A Republican led congressional committee accused federal regulators Tuesday of sacrificing small businesses to benefit big labor.

The National Labor Relations Board (NLRB) has worked to expand its own authority. It can now more easily make an employer responsible for the employees of another company. The House Education and the Workforce Committee believes the move was to unfairly benefit unions.

“(NLRB) handed a gift to Big Labor that will upend a business model that’s paved the way to the American Dream for countless individuals,” the committee stated. “The NLRB’s partisan decision in Browning-Ferris Industries overturned decades of labor policy, and it was issued despite concerns voiced by small business owners.”

The NLRB has had the legal authority make an employer liable for the employees of a separate company it contracts with under the joint-employer standard. The board first expanded its authority Jan. 12 while making a ruling in a labor dispute case involving Browning-Ferris Industries.

The NLRB previously looked at whether one company had direct control over the employees of another but since the Browning-Ferris case it has instead looked at indirect control.

Labor unions have a lot to gain from the ruling because it opens the doors to massive organizing campaigns. A union could target a single joint-employer as opposed to all the individual businesses that operate within it. Employers and business groups have warned against the new standard but their concerns have been mostly dismissed.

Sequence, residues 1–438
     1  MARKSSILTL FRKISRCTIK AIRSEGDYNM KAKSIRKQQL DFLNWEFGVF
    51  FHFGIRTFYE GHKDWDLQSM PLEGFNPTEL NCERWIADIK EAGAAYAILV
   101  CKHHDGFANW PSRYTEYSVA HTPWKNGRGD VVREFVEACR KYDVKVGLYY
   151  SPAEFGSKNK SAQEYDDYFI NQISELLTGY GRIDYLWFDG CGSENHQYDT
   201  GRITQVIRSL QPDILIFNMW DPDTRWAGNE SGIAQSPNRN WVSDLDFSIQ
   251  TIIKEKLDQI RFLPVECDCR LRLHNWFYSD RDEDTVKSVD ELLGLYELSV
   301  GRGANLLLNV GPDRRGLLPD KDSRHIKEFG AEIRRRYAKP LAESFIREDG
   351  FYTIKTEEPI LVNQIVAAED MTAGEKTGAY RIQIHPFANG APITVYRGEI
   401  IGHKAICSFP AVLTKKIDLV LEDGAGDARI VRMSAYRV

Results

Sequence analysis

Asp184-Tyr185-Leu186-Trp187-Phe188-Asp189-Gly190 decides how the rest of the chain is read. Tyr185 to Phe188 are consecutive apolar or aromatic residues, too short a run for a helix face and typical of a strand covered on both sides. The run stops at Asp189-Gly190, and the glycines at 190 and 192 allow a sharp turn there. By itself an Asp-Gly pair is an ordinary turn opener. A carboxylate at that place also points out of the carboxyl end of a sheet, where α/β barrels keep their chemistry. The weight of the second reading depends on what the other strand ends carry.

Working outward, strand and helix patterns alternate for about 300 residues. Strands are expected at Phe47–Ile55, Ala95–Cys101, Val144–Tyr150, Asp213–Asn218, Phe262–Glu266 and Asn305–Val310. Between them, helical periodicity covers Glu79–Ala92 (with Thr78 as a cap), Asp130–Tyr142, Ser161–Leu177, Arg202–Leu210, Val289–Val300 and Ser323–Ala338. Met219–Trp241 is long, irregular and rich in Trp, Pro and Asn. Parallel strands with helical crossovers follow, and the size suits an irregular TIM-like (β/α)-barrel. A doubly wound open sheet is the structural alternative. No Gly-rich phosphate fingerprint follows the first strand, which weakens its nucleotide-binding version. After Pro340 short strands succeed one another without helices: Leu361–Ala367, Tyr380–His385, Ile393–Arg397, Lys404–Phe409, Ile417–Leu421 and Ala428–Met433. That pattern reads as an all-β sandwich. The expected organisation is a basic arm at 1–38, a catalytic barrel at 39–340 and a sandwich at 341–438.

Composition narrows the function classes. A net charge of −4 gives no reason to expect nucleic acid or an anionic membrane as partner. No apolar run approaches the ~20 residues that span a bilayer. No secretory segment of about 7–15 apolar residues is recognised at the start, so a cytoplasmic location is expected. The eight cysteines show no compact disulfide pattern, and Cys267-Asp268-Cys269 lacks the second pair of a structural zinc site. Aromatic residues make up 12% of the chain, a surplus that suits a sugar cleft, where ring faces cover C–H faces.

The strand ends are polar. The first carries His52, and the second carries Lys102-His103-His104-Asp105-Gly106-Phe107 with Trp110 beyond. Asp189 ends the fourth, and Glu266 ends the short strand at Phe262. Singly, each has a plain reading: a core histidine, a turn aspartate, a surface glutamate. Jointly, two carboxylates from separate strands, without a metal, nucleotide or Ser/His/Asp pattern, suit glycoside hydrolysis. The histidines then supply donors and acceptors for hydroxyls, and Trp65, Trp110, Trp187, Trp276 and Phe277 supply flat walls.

“Leave it to the agency’s partisan prosecutor to insult entrepreneurs instead of taking a hard look at the real world consequences of the NLRB’s Big Labor agendas,” the committee noted. “It’s what you’d expect from a government bureaucrat who isn’t concerned with running a business, hiring workers, or making payroll.”

Businesses tend to avoid being declared joint-employers because it is legally risky and potentially costly. Those opposed to the expanded standard have contested indirect control is legally ambiguous. The NLRB defended its new standard in 2014 during an ongoing case involving McDonald’s.

“Through its franchise relationship and its use of tools, resources and technology, engages in sufficient control over its franchisees’ operations, beyond protection of the brand,” The NLRB noted at the time. “To make it a putative joint employer with its franchisees, sharing liability for violations of our Act.”

Congressional Republicans have introduced numerous measures in the hopes of stopping the expanded rule. Business groups have also filed lawsuits to fight the rule in court. Thus far opponents have been unsuccessful in stopping it.

The White House and NLRB did not respond to a request for comment by InsideSources.